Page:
4 Process Trends Changing Manufacturing

Although some manufacturing leaders and their employees are hesitant to embrace new technology and hardware on the job site, these innovations are here to stay. Those who adapt to these new standards sooner rather than later will be ready to tackle Industry 4.0 and reap all the benefits it has to offer.

Foxconn's Wisconsin plan raises skepticism as well as hope

Rick Barrett, Milwaukee Journal Sentinel: The magnitude of Foxconn Technology Groups proposal for a $10 billion electronics factory in southeast Wisconsin is matched by the gravity of the questions it has raised

IIoT and Industry 4.0 are Transforming Manufacturing

At the heart of IIoT is the way companies capture and share data. The ability to have data about inventory needs immediately available in the cloud and available to both plant floor managers and suppliers offers unheard-of visibility that heightens operational performance.

Japan is moving towards Neo-Industrial Manufacturing - Formation of Flexible Factory Partner Alliance

It appears Japanese factories, companies are looking beyond the IOT and or IOE; aiming to connect a variety of assets, e.g., machines, data, technologies, people, and organizations, as well as the existing industries and digital technologies, thereby bringing about the creation of new added value and the solutions to societal problems, bringing "Connected Industries" to fruition.

The ioTrust Security Solution

Manufacturers who can uniquely identify individual parts in a secure manner have an advantage over the competition, which is struggling to master this new concept. With ioTrust, manufacturers can associate their products with a secure, unique identity, that can extend through the supply chain.

Smart Factories Will Deliver $500B In Value By 2022

Louis Columbus for Forbes: Smart factories are revolutionizing manufacturing by enabling a 7X increase in overall productivity by 2022.

The Importance of the Edge for the Industrial Internet of Things in the Energy Industry

For the purposes of this paper, the "edge" is defined as the network entry points or data sources that are in the field on the opposite end of the network from the centralized host. In networking terms, an edge device provides an entry point into enterprise or service provider core networks.

Improving Efficiency in Counting Applications

Now that counting scales can store information electronically, piece count weights can be measured once and stored, rather than weighed again and again each time a new count must be taken.

Japanese companies form alliance to accelerate smart factories

Freddie Roberts for Internet of Business: A group of companies in Japan have formed the Flexible Factory Partner Alliance (FFPA) in order to encourage the use of IoT in factories.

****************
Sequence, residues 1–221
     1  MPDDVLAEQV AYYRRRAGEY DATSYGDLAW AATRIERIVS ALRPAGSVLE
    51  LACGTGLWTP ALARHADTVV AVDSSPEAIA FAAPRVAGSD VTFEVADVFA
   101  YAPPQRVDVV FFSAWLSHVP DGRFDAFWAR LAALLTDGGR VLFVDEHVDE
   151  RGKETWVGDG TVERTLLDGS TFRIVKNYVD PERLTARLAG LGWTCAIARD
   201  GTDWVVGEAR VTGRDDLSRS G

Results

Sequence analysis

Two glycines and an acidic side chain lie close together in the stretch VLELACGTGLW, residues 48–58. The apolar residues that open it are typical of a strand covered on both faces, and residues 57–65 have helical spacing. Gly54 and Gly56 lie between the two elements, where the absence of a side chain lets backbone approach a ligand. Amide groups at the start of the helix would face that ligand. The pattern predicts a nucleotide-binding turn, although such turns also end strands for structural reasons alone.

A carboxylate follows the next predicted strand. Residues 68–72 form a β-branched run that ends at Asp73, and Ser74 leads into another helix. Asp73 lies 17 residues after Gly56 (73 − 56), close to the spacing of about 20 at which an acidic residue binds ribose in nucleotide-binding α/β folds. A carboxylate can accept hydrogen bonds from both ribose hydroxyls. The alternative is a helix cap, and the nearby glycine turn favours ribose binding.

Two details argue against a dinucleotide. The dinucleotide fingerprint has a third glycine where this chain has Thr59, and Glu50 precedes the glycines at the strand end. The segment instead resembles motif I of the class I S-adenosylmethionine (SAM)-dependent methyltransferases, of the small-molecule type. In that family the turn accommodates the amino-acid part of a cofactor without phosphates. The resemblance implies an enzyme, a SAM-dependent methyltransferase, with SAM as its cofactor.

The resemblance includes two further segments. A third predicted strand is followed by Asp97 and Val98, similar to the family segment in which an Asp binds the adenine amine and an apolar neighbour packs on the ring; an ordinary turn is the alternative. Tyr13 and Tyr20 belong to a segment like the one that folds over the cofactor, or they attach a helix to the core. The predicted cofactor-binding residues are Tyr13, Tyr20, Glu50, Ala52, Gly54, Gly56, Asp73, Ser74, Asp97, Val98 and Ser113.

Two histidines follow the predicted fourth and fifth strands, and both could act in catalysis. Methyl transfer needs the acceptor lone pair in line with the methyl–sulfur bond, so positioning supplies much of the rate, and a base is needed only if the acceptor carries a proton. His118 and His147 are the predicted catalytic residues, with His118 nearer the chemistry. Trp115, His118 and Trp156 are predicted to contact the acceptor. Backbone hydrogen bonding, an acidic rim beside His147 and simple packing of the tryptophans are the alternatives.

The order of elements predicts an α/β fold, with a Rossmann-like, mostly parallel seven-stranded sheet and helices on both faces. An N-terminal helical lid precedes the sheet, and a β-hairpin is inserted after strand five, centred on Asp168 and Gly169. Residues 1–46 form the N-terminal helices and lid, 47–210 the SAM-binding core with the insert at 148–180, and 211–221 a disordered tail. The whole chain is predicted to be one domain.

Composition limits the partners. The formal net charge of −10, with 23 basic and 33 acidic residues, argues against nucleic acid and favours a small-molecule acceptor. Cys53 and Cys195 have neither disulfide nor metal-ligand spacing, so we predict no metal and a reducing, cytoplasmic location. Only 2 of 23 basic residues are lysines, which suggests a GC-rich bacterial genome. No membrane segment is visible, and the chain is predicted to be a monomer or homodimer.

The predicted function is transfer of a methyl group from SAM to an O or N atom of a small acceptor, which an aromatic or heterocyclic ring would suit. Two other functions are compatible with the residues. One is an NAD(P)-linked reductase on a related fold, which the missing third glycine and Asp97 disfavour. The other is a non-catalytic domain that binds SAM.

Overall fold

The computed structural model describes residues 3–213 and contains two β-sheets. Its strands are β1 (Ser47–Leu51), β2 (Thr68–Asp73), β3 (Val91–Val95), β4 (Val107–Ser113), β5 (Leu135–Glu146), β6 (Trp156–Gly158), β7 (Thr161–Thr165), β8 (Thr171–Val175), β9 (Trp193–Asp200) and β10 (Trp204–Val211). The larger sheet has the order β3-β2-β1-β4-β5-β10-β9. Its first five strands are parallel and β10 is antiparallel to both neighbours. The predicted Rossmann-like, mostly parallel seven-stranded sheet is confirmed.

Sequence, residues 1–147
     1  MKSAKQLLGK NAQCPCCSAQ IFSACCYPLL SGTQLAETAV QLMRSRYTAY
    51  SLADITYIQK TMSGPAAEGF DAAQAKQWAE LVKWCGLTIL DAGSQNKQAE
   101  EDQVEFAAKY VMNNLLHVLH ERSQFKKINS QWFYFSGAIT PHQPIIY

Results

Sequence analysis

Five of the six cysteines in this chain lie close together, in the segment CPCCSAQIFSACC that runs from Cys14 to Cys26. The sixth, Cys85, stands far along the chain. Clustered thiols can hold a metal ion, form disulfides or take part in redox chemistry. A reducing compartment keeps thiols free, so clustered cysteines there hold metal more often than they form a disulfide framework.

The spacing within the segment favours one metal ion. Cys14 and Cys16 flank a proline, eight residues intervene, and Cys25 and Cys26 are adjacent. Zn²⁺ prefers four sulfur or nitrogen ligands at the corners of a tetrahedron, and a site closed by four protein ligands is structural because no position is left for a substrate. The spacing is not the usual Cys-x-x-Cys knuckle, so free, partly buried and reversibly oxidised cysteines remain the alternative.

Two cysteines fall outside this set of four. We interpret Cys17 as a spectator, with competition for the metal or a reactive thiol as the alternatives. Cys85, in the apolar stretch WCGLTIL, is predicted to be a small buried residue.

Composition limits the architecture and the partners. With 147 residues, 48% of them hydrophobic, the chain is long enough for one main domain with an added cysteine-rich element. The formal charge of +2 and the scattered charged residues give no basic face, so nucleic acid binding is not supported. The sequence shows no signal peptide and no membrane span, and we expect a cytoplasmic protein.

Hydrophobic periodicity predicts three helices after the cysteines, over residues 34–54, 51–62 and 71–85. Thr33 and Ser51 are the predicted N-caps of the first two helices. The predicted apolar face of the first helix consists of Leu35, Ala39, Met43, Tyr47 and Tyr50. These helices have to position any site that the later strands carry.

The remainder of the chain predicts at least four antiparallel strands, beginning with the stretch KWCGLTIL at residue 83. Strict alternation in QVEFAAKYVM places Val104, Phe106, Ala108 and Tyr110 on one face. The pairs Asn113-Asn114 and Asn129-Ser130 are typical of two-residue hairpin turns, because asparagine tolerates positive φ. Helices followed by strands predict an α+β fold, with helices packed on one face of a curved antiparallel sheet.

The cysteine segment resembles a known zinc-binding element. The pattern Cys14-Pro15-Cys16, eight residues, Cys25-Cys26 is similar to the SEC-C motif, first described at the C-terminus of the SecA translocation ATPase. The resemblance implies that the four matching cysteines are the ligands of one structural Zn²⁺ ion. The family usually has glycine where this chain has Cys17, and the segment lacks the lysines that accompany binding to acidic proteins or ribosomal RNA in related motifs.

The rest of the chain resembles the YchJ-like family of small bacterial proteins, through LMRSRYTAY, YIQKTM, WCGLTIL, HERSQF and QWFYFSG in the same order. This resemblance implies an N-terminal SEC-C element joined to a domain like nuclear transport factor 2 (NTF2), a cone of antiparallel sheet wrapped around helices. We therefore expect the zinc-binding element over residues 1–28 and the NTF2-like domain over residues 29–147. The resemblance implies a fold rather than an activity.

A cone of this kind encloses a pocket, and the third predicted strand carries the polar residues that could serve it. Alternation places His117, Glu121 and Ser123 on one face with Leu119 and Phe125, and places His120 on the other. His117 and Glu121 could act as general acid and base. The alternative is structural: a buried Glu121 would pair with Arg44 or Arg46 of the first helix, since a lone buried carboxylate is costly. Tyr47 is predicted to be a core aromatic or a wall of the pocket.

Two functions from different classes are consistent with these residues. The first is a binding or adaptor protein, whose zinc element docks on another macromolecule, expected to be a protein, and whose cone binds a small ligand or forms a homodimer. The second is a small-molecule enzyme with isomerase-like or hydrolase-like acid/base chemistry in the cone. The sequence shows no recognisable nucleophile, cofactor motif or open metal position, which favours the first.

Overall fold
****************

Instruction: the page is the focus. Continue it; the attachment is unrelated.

76 Percent of U.S. Workers Do Not Fear Automation, According to Randstad US

It is evident from our research that not only are workers not afraid of losing their jobs to automation, they are more than willing to retrain to leverage the efficiencies and benefits of artificial intelligence (AI) and robotics in the workplace

Shop-Floor Digitization for Today's Mid-Size Manufacturer

Every manufacturer needs to figure out what issues or "low hanging fruit" can be addressed to further streamline operations, increase throughput, minimize bottlenecks, and deliver exceptional customer service to maintain or expand their competitive advantage.

The Impact of the IoT Demystified

The IoT is more than a smart meter or the like. It is a complete new wave of automation that includes everything from omni-sensing to artificial intelligence, from smartphones to smart homes, and from smart industries to smart cities.

4 Steps on Your Journey Toward Industry 4.0

We are in the midst of a major shift that is redefining how our manufacturing processes and industry operate. The amount of data collected from connected, digital devices is growing exponentially, enabling more robust business insights.

Cermaq near to completing "smart" factory for salmon

Madelyn Kearns for Seafood Source: "A modern salmon facility takes in the fish, evaluates quality, weight, grading, and during all processes automatically determines which department the fish should go to,"

PLC vs. PAC

PLCs and PACs are similar as they both perform the same essential functions. With modern technology, their differences are becoming more blurred. The most notable difference between PLCs and PACs is their programming interface. PACs are more intricate, using C or C++. PLCs on the other hand, are programmed using ladder logic. These programming differences create distinctions in the architecture and capability between the two computers.

Records 346 to 360 of 676

First | Previous | Next | Last

Automation & Networking - Featured Product

Dynatect Automated Machine Safety Roll-Up Doors

Dynatect Automated Machine Safety Roll-Up Doors

Need to increase safety? Are you using light curtains? Is space a concern? Dynatect's Gortite® VF Automated Machine Safety Door combines safety technology, speed, and a physical barrier to isolate hazardous operations. Use of a physical barrier with safety sensors can save up to 30 square feet of manufacturing space. Using the ANSI minimum safety distance formula, the Gortite® VF Door limits the depth penetration factor and average approach speed, allowing closer location of the safeguarding device. Unlike light curtains, which can't contain process hazards, an automated machine safety door can isolate common workplace debris. This physical barrier is designed to contain process driven hazards such as weld sparks, UV flash, and light debris. Thus, the operator can maintain closer proximity to the work area improving ergonomics and productivity.